Joseph Wright’s Landscape with a Rainbow (1794) captures the rapt moment of storm beauty, but, to me, the most extraordinarily realistic is the partial appearance in Frederic Edwin Church’s Niagara (1857). So lifelike was it that Ruskin, no less, was apparently confused and ‘went to the window and examined the glass, evidently attributing the prismatic bow to the refraction of the sun’.
Church’s mentor noted approvingly that the rainbow represented the seven attributes of God: the colours ‘are but refractions of that Infinite Love of which Light is the fittest emblem’. The poet R. S. Thomas would have concurred and his poem Evening, which depicts a rainbow as the archer’s bow now stilled and quiet, ends with radiant beauty:
Let us stand, then, in the interval
of our wounding, till the silence
turn golden and love is
a moment eternally overflowing.
J. M. Barrie, whispering the secondary arc of that thought, wrote: ‘Let no one who loves be unhappy, even love unreturned has its rainbow.’
Black Elk, a medicine man of the Oglala Lakota people in South Dakota, described a dream-vision in which he was granted a profound understanding. In that moment, he saw ‘the rainbow leap with flames of many colours over me’. In Buddhism, the rainbow represents the state of near Nirvana, when the ego is at its vanishing point and the spirit dissolves.
Paul Cézanne turned to rainbows to describe the luminous sense of losing oneself in art, speaking of ‘these great rainbows, these cosmic prisms… I feel colourful by all the nuances of the infinite… We are an iridescent chaos’ – or ‘nous sommes un chaos irisé’, which also translates as ‘we live in a chaos of rainbows’.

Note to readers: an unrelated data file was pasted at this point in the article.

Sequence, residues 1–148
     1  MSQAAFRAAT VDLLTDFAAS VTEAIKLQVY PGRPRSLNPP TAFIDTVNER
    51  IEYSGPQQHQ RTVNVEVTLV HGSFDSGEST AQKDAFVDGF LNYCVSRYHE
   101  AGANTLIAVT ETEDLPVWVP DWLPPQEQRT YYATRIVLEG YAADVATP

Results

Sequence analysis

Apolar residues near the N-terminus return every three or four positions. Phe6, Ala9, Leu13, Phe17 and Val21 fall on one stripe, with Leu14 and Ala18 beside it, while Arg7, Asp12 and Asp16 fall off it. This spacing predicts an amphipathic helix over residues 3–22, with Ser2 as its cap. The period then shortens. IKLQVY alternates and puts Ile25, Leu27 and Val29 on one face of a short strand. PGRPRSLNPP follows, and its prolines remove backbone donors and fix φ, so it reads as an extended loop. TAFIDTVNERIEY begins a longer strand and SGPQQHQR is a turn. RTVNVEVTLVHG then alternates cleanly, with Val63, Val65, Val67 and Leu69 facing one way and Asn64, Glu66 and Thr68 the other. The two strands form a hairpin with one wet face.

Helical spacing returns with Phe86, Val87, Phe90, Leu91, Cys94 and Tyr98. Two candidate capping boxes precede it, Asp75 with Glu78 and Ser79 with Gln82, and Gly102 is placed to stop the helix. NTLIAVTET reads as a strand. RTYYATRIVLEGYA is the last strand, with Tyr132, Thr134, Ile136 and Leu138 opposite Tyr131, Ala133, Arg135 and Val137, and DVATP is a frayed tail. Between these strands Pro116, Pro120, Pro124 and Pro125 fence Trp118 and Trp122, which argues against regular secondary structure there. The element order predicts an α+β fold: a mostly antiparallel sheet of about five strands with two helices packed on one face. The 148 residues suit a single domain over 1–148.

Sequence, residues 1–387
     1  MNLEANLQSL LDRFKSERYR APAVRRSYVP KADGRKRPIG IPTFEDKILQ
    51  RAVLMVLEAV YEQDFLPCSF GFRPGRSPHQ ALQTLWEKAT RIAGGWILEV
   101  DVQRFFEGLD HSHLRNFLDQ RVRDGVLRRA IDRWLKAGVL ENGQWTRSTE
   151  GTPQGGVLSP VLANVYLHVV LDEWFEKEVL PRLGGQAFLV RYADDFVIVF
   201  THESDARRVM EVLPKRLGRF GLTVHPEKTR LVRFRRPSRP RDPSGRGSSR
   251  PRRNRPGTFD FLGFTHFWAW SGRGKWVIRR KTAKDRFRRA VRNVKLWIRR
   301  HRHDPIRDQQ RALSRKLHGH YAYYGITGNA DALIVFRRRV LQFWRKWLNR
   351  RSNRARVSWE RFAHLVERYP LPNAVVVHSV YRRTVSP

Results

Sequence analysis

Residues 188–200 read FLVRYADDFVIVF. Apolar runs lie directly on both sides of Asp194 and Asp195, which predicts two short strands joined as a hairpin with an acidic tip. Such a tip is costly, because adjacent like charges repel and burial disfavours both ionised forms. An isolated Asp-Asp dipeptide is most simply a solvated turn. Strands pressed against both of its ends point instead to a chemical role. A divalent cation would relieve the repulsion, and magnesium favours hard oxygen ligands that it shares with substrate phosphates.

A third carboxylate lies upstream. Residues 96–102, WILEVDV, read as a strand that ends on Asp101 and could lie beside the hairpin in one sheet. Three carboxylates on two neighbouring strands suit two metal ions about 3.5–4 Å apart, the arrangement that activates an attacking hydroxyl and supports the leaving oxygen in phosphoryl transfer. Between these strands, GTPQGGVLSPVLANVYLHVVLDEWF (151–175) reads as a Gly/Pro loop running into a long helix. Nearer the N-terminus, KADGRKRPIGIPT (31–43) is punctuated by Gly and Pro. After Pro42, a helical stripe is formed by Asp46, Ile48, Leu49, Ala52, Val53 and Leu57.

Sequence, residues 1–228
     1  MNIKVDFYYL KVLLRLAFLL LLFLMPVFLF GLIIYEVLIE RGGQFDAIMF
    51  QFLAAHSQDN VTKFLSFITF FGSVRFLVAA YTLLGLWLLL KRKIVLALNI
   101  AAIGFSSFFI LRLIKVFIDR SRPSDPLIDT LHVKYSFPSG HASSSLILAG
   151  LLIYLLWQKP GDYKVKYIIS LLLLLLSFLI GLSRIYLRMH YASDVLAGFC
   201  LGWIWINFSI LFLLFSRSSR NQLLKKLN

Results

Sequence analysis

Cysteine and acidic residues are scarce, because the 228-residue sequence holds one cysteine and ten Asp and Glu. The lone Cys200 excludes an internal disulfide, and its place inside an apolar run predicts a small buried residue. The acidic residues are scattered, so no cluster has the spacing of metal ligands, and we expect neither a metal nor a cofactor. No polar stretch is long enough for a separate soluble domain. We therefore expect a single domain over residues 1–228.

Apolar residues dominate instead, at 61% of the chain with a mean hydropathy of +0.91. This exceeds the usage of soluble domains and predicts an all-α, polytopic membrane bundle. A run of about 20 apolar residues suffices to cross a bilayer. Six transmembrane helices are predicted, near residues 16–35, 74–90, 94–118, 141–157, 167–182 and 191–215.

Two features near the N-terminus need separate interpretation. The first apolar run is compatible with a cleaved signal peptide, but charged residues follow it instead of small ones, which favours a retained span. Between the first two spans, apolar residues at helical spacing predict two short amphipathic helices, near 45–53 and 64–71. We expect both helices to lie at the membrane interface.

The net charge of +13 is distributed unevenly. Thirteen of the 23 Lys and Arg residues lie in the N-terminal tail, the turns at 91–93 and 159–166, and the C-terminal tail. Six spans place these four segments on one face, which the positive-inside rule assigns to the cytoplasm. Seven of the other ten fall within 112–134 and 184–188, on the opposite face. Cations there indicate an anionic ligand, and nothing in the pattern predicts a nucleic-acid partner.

Red and yellow and pink and green
- Each raindrop acts as a tiny mirror, with sunlight going through the side facing you and reflecting back from the drop’s far side. The light is refracted twice: when it goes from the air into the drop and then when it is reflected back out of the water into the air
- The record for the world’s longest-lived rainbow was one that lasted for six hours in Sheffield on March 14, 1994, but this was surpassed by one lasting for nine hours over Taipei on December 30, 2017
- You can get rainbows from the Moon as well as the Sun, but, because moonlight is not as bright as sunlight, it’s hard to see colours in them
- You can never touch a rainbow because it is merely an image, rather than an object. You can touch the raindrops that generate it, but not the bow, just as you can touch a mirror, but not the image being reflected in it
Mizzle, drizzle, dreich and dibble are just some of the many ways we describe rain. Antony Woodward considers our obsession
Britain's starry skies can be spectacular, but you need to be in the right place to avoid light pollution. Julie